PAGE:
Real-time information has been used for quite some time in the E&P industry to help improve the safety and efficiency of well construction. The benefits are well documented and today many companies share standards and create their own best practices, but it was not always that way.
In the year 2000 several industry leaders came together with a shared purpose – to bring commonalities to the way that real-time systems worked, simplifying interoperability and ultimately, enabling a broader, richer set of technologies. Those companies included Baker Hughes, BP, Chevron, ExxonMobil, NorskHydro, Halliburton, Schlumberger, Shell and Statoil.
Each company was developing or utilising real-time systems, but their solutions were propriety to their own needs. They realised there was a need for a common language to communicate well site information and soon after, Wellsite Information Transfer Standard Markup Language (WITSML) was conceived. Their primary reasons for creating a standardised approach to exchanging drilling information were:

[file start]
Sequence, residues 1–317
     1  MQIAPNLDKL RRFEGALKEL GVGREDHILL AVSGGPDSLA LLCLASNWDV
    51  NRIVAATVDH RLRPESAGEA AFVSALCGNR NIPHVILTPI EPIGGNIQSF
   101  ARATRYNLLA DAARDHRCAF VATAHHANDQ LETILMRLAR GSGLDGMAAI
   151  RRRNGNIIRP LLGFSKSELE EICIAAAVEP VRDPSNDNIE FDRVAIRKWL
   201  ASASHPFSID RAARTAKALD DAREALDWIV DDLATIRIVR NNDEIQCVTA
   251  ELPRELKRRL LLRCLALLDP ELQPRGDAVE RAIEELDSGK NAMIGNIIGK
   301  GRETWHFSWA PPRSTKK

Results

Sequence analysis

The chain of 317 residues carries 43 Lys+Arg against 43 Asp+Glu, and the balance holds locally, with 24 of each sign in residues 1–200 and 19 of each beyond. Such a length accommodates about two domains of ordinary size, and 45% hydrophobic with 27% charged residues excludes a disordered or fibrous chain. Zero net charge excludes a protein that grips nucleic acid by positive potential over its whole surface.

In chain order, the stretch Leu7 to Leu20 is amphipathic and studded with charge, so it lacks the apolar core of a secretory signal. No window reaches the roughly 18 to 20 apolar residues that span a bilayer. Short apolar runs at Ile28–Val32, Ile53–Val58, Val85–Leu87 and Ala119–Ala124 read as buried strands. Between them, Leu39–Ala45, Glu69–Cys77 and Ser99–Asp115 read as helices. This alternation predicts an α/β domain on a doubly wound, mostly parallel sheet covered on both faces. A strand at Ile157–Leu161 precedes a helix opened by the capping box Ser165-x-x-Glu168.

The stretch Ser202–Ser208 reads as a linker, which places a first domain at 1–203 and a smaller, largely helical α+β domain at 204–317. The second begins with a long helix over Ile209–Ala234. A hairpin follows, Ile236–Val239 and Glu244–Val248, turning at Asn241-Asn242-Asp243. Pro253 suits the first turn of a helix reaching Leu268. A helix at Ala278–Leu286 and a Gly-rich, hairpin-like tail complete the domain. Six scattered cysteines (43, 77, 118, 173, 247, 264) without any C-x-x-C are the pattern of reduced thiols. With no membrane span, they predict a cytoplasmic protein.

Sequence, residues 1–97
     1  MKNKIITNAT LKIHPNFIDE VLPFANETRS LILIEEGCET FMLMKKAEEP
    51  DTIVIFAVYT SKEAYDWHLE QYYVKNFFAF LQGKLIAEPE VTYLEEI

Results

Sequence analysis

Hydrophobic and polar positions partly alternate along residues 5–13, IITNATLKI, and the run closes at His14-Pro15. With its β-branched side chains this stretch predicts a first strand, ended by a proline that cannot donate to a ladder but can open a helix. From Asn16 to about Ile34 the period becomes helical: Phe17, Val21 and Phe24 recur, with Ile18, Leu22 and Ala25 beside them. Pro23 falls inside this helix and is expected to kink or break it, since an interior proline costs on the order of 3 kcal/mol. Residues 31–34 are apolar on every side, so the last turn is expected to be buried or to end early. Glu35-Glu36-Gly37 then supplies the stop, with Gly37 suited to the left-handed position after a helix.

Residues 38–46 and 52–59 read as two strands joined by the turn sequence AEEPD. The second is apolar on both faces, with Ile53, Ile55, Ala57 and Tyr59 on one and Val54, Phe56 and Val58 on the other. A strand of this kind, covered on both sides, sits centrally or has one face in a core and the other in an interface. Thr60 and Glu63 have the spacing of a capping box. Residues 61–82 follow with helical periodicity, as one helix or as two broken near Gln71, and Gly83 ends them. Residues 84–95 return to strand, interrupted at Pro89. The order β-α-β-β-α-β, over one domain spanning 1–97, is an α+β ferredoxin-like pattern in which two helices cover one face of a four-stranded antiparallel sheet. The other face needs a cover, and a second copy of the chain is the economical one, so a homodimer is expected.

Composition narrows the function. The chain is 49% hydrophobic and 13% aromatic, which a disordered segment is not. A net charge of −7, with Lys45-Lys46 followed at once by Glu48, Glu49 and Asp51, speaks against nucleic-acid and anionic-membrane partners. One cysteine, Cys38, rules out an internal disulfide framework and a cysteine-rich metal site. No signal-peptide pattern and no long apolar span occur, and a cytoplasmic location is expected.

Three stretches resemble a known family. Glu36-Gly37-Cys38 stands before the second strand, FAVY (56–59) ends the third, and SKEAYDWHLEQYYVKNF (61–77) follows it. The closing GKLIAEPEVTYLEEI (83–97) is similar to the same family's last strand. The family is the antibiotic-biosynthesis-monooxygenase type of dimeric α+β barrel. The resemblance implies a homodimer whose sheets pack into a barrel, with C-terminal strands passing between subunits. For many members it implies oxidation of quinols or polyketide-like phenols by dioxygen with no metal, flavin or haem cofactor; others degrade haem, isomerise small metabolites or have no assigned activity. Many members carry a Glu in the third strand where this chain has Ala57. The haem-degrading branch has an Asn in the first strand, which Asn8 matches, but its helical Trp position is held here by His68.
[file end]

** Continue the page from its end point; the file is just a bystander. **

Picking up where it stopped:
• to facilitate energy companies to leverage their investment in highly instrumented fields and to enable new capabilities for automation and optimisation that would otherwise be impossible or difficult to achieve;
• to reduce the cost of information exchange between software applications within an operating company and between operating companies, joint ventures, partners, contractors, and regulatory authorities;
• to reduce the cost of replacing or substituting software which results in improved functionality.
The group decided they needed an organisation to help facilitate the development of this standard and turned to Energistics. Energistics serves as the facilitator, custodian and advocate for the development and adoption of technical open data exchange standards in the upstream industry.